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danwinslow

8 Bit boot sequence question

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I am writing a small program to allow an 8 bit to boot off of a single board computer. The initial boot load seems to go ok, but at the end of that sequence I get some commands with a device of $4F and a command of $40. Here is a (commented) log snip of the sequence at the end :

 

processing header 31 52 4f 0 d2 //this is the regular boot sequence running

// a 'read sector' for d1: sector 4F

send data frame, 128 bytes checksum fc

MSR 0

processing header 31 52 50 0 d3 // next sector...etc.

send data frame, 128 bytes checksum 49

MSR 30

processing header 31 52 51 0 d4

send data frame, 128 bytes checksum 1d

MSR 0

processing header 31 52 52 0 d5

send data frame, 128 bytes checksum 2a

MSR 0

processing header 31 52 69 1 ed

send data frame, 128 bytes checksum 8d

MSR 30

processing header 31 52 6a 1 ee

send data frame, 128 bytes checksum 0 // boot sequence over now

MSR 30

processing header 4f 40 4f 4f 2e // and I get this ?

unhandled device code : 0x4f

MSR 30

processing header 4f 40 4f 4f 2e

unhandled device code : 0x4f

MSR 30

processing header 4f 40 4f 4f 2e

unhandled device code : 0x4f

MSR 30

processing header 4f 40 4f 4f 2e

unhandled device code : 0x4f

MSR 30

processing header 4f 40 4f 4f 2e

unhandled device code : 0x4f

MSR 30

processing header 4f 40 4f 4f 2e

unhandled device code : 0x4f

 

 

So does anyone have any idea what the command of ' 4f 40 4f 4f 2e' is? I can't find a device or command that matches those numbers.

Edited by danwinslow

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I am writing a small program to allow an 8 bit to boot off of a single board computer. The initial boot load seems to go ok, but at the end of that sequence I get some commands with a device of $4F and a command of $40. Here is a (commented) log snip of the sequence at the end :

 

It's the XL-upgraded SIO protocol. 4F is a poll 3 command: "are you there?"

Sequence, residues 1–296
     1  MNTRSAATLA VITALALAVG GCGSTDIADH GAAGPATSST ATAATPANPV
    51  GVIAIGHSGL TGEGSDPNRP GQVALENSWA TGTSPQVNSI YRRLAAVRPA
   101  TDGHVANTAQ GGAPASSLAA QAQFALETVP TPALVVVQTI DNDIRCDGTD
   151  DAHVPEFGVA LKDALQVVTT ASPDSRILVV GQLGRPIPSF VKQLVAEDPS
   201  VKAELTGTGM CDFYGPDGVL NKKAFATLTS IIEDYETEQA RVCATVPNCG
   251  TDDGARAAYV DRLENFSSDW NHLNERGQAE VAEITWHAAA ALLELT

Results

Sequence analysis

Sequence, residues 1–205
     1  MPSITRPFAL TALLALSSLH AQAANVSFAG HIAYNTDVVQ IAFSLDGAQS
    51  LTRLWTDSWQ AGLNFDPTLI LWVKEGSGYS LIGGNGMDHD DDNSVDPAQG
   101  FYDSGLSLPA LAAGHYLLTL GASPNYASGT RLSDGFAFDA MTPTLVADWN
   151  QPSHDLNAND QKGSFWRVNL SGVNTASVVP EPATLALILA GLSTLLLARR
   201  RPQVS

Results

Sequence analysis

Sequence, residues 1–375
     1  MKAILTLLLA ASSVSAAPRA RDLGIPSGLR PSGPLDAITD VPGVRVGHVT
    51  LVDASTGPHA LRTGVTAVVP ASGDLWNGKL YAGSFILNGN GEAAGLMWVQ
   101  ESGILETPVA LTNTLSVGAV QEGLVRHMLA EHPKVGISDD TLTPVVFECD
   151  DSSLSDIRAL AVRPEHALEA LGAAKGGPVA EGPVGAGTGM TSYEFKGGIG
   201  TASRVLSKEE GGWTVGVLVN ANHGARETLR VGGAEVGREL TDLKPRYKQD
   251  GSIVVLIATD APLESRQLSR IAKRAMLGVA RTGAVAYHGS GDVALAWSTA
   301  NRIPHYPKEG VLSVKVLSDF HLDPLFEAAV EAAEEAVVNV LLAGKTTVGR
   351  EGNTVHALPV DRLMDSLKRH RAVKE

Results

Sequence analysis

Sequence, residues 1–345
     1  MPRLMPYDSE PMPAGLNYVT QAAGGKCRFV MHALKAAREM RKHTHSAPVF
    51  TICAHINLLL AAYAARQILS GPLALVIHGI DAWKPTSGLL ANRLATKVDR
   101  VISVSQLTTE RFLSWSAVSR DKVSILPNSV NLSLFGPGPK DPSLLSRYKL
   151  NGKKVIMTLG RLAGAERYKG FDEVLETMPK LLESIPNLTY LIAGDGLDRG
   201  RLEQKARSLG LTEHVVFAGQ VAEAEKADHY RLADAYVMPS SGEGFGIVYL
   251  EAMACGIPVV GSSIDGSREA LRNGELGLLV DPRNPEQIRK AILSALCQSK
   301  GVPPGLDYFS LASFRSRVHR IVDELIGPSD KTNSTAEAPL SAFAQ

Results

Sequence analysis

The device should answer back and download its (relocate-able) driver.

 

For as I know it's a delevopment upgrade, not applied in (new) devices.

 

Read the 1200XL addendum for explanation of these new command.

 

Cheers,

Sijmen.

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Thanks, Bryan. There doesn't seem to be much information on how to respond negatively; I mean, I have no handler to upload. The 130xe seems to hang around waiting for something on its type 3 poll; it takes quite a while, and does get evenatually past it after doing 2 type 3's and 2 type 4's. I expected to be able to nak it or error it and it would give up but it doesn't seem to pay attention to the naks/errors.

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Ignore then completely, all Atari peripherals do. There is nothing you can do to make the boot faster. That's the reason that XL-XE take longer to boot than older ones.

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It seems to me that this is the sort of thing you shouldn't respond to unless you have a handler to upload. I looked at the firmware specs for the XF551, and it doesn't list that it responds to it either. How long is the timeout period during all this? Is this part of the normal "flatulence" noise heard after a DOS.SYS load?

 

-Bry

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No..lol flatulence...its a quiet wait. It seems to be waiting inordinately long, say 15-20 seconds or so between each of 3 or so tries. I responded to the initial status query ( command $53 ) with a very long timeout period, I wonder if that is affecting it.

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its a quiet wait. It seems to be waiting inordinately long, say 15-20 seconds or so between each of 3 or so tries.